Or broad bean (faba vulgaris /vigna faba).  This was once one of the maincrops in many parts of Europe. The fava beans are grown for spring or early summer use, and therefore have to be sown quite early, some varieties are even winter hardy and stand quite severe frosts.  The plants are fast growing, and grow  to a height of 50 cms to over 1 metre, depending in the first place on the variety, and secondly on the circumstances.  The pods are quickly formed and the fully grown beans are harvested from the ripe pods, and used steamed or boiled. Young beans can be harvested as well, they can be used fresh, but it takes quite a while before you get a decent harvest of these...

The main difficulty in growing this is the presence of the black aphids, who can destroy a sure harvest within a couple of days.  I try to spray them off, using plain water (too much insecticides are used, even organic ones) , this usually works quite well, although I have to repeat this quite often.


Fennel has different forms, one form is the ‘old’ herb fennel, with mainly two different varieties, a green one and a bronze one.  The other, newer form (and use) is derived from these herbs,  and this one makes a nice, white , thick bulb which can be eaten as a main dish (boiled, raw, ...). 

The bulbous varieties are best sown in mid-summer or even later, otherwise they tend to bolt (although some new varieties have come on the market , they can be sown earlier, but I have yet to try these out), they prefer a soil that has been fertilised the year before, and they are happier in wet conditions (mulching or permaculture is a good solution for this). 

The ‘herb’ varieties are off course partly grown for their seeds, so it’s perfectly OK if these are sown early.  These varieties are perennial, I have some plants that are over 15 years old, and they do have a tendency to reseed a bit.  They prefer  some sunnier and warmer position compared to the bulbous varieties, but are otherwise easy to grow.  The seeds, leaves or even roots can be used for flavouring all kinds of dishes, or you can make a perfect tea from the seeds...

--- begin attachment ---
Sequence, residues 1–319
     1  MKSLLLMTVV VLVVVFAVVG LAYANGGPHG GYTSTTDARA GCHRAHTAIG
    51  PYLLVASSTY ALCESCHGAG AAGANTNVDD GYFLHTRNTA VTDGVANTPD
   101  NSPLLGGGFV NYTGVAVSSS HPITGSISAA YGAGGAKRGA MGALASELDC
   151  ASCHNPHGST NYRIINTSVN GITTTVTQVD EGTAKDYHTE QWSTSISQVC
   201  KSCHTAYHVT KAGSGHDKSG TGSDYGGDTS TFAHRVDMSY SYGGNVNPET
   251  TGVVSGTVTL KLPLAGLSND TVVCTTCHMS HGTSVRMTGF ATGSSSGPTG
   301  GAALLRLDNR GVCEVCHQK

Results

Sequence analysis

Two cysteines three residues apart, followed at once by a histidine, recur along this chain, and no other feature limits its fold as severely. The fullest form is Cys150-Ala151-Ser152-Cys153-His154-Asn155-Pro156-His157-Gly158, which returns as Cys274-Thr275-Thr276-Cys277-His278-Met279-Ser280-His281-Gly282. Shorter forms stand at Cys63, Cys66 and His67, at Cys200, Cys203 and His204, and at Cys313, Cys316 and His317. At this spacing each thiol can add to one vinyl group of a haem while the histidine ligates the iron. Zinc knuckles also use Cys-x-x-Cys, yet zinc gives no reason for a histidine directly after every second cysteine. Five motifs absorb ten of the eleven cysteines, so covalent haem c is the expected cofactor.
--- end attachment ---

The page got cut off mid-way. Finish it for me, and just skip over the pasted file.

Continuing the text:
Fenugreek (trigonellla foenum-graecum) is a herb that should be used more... The plants are quite easy to grow,  give them a good sunny spot and they will thrive. Just indicate where you have put them, because  they are easily looked over...

The seeds are harvested when the pods are ripe (they change colours as an indication), and they are used in curries, tomato sauces,.... We can even buy fenugeek cheese over here, cheese with an addition of fenugreek seeds, very tasty!


Garlic has ,surprisingly for many people, a great number of varieties.  The well-known white or light-red garlic bulbs  we usually buy over here are just the most common selections, many others can be grown out.  There are hardneck varieties, they usually produce some small new garlics at the top of their stalks, available in red, purple and white (and perhaps other colours too).  The other , most common garlic (allium sativum) is the softneck variety, they are more productive and they don’t have the small top-garlics the hardnecks have. Again diversity is enormous, available in white, yellow, red, pink,...

Garlic needs a long season to grow out well, so I plant them before winter (over here they are perfectly hardy), make sure they have the necessary nutritients, add a bit of lime to the ground to avoid white-rot, and protect them from insects if you have any of the annoying ones.  They are usually harvested during midsummer..

A special one is the ‘rocambole’, this can be seen in the ‘allium’ page..